Adjusting to rising costs in Chinese light manufacturing: what opportunities for developing countries?

Research reports and studies
December 2017
Jiajun Xu, Stephen Gelb, Jiewei Li and Zuoxiang Zhao

Chinese light manufacturing has undergone a significant transformation in recent decades. As China progresses towards high-income status, real wage growth in the sector has accelerated by 11% per year (2014-2016). While this has made a welcome contribution to poverty reduction, it has also put pressure on firms as they struggle with rising costs. One potential strategy for tackling this problem has been the partial or full relocation of production to lower-cost locations abroad. 

Optimists maintain that wage growth in China presents an opportunity for low-income countries (LICs) in Africa and elsewhere in Asia to help drive growth and structural transformation by attracting foreign direct investment and jobs from China. But the positive outcomes for LICs are uncertain. Country-level constraints such as poor infrastructure tend to turn-off foreign investors, Chinese manufacturing firms have developed alternative strategies for coping with rising wage costs, and other low-cost location options within China remain due to significant regional differences in wages.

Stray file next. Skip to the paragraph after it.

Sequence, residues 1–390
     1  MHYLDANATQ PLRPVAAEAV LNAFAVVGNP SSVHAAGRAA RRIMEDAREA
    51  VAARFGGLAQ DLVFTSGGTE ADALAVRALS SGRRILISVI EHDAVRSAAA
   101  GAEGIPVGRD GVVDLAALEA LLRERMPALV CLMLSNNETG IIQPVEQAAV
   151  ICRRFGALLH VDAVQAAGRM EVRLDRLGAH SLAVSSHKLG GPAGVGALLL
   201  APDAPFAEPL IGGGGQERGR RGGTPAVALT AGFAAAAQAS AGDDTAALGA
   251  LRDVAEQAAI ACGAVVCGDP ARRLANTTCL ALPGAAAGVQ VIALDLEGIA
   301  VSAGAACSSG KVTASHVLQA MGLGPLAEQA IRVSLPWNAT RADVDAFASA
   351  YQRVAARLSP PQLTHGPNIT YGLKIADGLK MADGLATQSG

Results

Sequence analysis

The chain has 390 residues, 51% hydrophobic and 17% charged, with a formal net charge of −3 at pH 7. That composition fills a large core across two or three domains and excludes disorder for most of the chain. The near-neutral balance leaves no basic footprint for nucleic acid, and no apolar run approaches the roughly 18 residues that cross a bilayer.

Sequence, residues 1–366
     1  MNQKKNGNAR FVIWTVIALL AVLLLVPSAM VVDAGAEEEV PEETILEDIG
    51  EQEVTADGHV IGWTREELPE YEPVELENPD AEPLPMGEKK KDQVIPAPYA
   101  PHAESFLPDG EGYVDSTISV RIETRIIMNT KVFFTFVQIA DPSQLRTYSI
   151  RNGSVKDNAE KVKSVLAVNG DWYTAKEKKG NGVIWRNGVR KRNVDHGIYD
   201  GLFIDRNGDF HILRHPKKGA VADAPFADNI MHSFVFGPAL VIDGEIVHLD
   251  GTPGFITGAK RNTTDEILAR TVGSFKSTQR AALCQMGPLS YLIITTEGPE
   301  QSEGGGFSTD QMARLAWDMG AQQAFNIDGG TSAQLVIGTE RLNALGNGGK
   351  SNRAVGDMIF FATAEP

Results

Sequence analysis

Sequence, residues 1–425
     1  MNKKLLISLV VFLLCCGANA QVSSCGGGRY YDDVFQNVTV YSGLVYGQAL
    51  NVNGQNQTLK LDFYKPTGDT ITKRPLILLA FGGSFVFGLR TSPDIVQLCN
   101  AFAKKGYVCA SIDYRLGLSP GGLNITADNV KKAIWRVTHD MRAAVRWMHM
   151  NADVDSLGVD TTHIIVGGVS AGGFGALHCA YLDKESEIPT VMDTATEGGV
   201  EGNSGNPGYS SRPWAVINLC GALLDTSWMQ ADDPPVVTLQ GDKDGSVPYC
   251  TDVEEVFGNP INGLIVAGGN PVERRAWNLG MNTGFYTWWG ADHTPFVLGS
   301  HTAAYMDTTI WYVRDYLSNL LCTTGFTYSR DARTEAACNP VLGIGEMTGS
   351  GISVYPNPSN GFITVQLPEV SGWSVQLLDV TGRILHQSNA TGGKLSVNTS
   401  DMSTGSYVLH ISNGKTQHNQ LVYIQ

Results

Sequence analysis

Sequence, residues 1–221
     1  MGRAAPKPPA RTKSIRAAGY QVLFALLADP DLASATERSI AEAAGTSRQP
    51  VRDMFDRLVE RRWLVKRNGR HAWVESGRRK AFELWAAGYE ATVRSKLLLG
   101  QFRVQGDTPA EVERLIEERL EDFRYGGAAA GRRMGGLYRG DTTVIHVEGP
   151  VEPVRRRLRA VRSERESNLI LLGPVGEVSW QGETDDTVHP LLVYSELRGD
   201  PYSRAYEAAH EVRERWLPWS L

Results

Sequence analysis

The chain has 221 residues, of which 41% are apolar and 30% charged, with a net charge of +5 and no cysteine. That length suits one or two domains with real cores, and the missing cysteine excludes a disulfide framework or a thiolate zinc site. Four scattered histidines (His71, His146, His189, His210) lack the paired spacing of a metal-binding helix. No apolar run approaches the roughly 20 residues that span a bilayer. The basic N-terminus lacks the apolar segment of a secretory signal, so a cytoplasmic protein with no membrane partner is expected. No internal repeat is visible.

This research report, which was undertaken in partnership with the Center for New Structural Economics (CNSE) at Peking University, presents the findings of a large-scale survey of 640 Chinese light manufacturing firms in the regions of the Yangztse River Delta and Pearl River Deltain across four sub-sectors (garments, footwear, household appliances and toys).